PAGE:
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Have you ever bent down to hug your dog, only to be reminded how badly she needs a bath? If you’re like so many dog owners out there, you gathered up all your courage and got the necessary items together to give her a bath, and then the battle commenced. Eventually, you finally got her bathed, although you probably got at least as wet as she did. The whole time, you were thinking that you really didn’t mind because she would at least smell better once it was all over. You dry her off, give her a treat and then lean down to pet her, only to be horrified by the reality that she still smells just as bad as she did before the bath. You’re probably slightly horrified and even more than a little worried asking yourself—why does my old dog smell so bad? read on! We’ll help you get to the bottom of it.
As it turns out, there are a few genuine reasons why your dog might smell absolutely horrible, even after she’s been thoroughly bathed. It’s important to find out what’s going on. So you can not only get rid of the odor but find out if it’s due to some type of medical condition that needs to be treated. Fortunately, you’ve come to the right place. We’ll explore each of the reasons that your dog might smell bad in greater detail.
She Has Gas : Senior dog smell
Before you allow yourself to get too terribly frightened, consider the possibility that she might have gas. Dogs don’t exactly smell great when they break the wind. So if she’s a bit gassier than usual on any given day, it might be the reason that you’re smelling something you’d rather not be exposed to.
There are a couple of things that can clue you in here. Is the body odor constant or does it come and go? If it comes and goes, then she probably has gas. On the other hand, a constant odor could indicate something else entirely. It’s also a good idea to reflect back. Have you recently changed her food or has she been under more stress than usual because of a change in her routine? Did she get a hold of table scraps that she normally doesn’t eat or did you skip the evening walk? All of these things will help you get a better idea about whether or not the odor is gas or if it’s originating from some other source.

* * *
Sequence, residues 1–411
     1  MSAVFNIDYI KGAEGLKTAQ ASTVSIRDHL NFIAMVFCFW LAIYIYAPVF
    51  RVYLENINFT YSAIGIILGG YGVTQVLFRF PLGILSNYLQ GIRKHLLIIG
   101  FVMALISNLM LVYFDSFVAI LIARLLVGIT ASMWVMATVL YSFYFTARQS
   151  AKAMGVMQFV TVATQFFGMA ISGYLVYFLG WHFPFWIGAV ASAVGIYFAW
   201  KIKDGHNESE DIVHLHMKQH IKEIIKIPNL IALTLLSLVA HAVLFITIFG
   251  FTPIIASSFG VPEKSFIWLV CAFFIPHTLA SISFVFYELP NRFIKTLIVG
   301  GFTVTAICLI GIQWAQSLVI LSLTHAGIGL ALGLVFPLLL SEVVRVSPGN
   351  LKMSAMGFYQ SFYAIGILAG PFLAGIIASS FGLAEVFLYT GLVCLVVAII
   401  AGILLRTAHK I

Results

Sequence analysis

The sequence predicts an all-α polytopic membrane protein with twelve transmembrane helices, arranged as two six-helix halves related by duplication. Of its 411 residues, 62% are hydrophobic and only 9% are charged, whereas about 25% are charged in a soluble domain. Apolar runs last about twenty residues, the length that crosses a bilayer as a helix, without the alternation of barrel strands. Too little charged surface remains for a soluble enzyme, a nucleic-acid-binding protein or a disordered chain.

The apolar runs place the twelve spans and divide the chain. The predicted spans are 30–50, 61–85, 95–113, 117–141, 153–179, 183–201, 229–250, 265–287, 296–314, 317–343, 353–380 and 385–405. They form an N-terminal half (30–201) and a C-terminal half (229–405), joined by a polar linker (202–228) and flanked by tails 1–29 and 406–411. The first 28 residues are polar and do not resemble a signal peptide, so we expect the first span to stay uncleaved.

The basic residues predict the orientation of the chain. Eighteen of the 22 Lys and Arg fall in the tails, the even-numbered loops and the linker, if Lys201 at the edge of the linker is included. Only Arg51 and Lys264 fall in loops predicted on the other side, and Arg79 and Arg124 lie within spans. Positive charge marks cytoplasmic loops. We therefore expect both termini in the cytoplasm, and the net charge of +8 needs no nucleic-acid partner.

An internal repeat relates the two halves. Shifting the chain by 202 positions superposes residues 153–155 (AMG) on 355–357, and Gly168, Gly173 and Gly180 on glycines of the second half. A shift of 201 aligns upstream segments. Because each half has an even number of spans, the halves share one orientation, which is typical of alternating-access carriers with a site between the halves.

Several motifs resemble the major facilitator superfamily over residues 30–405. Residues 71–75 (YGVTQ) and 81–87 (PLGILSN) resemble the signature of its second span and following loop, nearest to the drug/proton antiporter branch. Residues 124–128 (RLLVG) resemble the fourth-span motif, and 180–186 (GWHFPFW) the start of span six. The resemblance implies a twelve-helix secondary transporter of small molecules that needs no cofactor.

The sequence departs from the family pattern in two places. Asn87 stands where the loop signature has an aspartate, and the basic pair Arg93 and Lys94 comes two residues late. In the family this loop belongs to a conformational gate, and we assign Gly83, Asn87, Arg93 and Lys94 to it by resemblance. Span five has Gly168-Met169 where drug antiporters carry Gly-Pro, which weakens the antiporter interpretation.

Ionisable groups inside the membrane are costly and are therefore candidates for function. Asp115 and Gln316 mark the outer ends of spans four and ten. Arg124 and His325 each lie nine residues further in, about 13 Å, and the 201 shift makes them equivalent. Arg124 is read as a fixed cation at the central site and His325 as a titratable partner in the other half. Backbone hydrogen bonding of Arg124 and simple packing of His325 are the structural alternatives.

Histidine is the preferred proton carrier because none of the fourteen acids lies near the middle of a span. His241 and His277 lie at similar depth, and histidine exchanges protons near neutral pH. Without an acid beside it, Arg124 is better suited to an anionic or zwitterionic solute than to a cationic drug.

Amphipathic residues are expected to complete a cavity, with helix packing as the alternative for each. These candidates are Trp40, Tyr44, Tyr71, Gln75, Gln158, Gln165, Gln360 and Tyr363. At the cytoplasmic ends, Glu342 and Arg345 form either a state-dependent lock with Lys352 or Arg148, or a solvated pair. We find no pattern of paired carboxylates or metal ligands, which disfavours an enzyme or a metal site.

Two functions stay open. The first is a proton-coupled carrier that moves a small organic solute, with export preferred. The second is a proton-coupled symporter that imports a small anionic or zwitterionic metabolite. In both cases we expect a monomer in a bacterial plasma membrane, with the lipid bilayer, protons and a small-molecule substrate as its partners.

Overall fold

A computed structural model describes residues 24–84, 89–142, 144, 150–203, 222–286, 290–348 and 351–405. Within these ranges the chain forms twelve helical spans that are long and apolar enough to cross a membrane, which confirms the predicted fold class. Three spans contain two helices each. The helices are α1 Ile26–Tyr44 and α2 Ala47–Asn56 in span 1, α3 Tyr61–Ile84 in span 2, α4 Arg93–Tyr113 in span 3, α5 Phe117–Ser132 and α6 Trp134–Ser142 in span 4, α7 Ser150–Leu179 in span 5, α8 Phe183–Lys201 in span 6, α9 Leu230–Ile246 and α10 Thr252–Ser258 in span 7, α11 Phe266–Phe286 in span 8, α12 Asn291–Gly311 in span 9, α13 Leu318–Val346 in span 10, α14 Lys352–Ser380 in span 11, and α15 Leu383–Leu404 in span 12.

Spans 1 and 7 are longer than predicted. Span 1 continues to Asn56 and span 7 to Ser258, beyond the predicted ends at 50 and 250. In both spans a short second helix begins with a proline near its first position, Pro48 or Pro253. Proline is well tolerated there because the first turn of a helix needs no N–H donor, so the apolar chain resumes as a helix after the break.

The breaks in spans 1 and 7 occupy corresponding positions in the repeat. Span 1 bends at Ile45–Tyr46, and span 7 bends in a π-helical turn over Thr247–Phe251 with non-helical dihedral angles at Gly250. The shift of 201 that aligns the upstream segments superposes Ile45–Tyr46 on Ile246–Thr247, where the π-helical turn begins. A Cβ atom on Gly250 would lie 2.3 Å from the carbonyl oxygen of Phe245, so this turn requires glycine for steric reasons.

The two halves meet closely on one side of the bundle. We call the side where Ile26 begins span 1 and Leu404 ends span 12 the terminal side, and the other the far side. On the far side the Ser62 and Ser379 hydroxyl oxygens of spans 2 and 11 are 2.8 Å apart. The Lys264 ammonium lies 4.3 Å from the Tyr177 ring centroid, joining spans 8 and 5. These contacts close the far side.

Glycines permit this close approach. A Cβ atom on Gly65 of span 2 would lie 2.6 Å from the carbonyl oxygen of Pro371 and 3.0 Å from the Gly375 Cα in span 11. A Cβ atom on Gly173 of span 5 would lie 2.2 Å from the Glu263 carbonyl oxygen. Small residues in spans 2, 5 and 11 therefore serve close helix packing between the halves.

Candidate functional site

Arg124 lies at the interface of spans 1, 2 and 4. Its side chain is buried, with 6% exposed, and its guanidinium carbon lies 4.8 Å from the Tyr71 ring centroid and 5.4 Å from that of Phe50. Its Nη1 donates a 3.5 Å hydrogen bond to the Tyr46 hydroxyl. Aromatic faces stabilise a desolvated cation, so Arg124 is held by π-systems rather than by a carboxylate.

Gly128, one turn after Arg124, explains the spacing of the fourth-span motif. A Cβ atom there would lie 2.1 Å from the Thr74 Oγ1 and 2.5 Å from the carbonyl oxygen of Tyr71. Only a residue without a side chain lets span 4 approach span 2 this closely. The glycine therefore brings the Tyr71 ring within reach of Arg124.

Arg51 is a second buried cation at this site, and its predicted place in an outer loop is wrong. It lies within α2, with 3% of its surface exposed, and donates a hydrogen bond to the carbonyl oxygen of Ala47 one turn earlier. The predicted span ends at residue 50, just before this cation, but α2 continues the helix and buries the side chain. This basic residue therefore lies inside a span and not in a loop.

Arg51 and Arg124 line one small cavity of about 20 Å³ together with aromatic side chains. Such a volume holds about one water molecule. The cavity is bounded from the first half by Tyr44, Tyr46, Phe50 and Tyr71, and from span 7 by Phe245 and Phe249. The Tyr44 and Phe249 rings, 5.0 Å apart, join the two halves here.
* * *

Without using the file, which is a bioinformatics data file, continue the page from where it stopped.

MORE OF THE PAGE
Dog smells bad:
What do you do if the smell is because of gas? Fortunately for you and your dog, there are a couple of different things that you can do. One of the most beneficial activities involves putting her dog leash and taking her for a long walk. More often than not, a dog who is suffering from excessive gas doesn’t need anything more than time to walk around and do its business.
If that doesn’t solve the problem and you’re certain that this is the source of the issue, it might be time to speak to your dog’s veterinarian about changing her diet or even getting her examined for certain digestive issues that might cause excessive gas. These issues aren’t usually particularly serious. But they can certainly cause a lot of discomforts, not to mention the aforementioned unpleasant smell.
Does She Have Bad Teeth?
Surprisingly, one of the things that can cause a significant odor involves poor dental health. Does your dog have bad teeth? If it’s been a while since she has been to the veterinarian in order to have her teeth cleaned, the odor could be coming from bacteria that have accumulated around her teeth. In some cases, she may have an abscessed tooth. Which is causing a more pronounced odor as the infection becomes worse and worse. Vets should be able to guide you how to treat your dog’s abscessed tooth.
Even if you do have her teeth cleaned on an annual basis. You might be experiencing a greater amount of odor than normal unless you routinely brush your teeth at home. That’s because getting her teeth cleaned by her veterinarian is very important; in fact, it’s crucial to her. That said, a cleaning that occurs only once a year isn’t enough to curb all of the bacteria that is going to accumulate naturally in her mouth. In reality, she needs to have her teeth brushed three or four times a week. It’s also a good idea to give her one of these dental chews twice a day to help reduce plaque.
Act: Health Facts
You’d be surprised how much that simple act can cut down on the odor that you smell from your dog’s breath. Read some tips on brushing dogs’ teeth. Dogs typically enjoy these chews. So she’s getting a treat and you’re getting an opportunity to both cut down on unpleasant odors and improve her health at the same time. It just doesn’t make sense not to do it.
If you’re not entirely sure that’s where the odor is coming from, it shouldn’t take you very long to find out. When this is the problem, you’ll notice it as soon as your dog breathes on you. If you’re curious, give her a kiss or two on the nose and wait to see how her breath smells when she exhales. However, you should be prepared. If this is the issue, it’s not going to be the most pleasant experience that you’ve ever had, not by a long shot.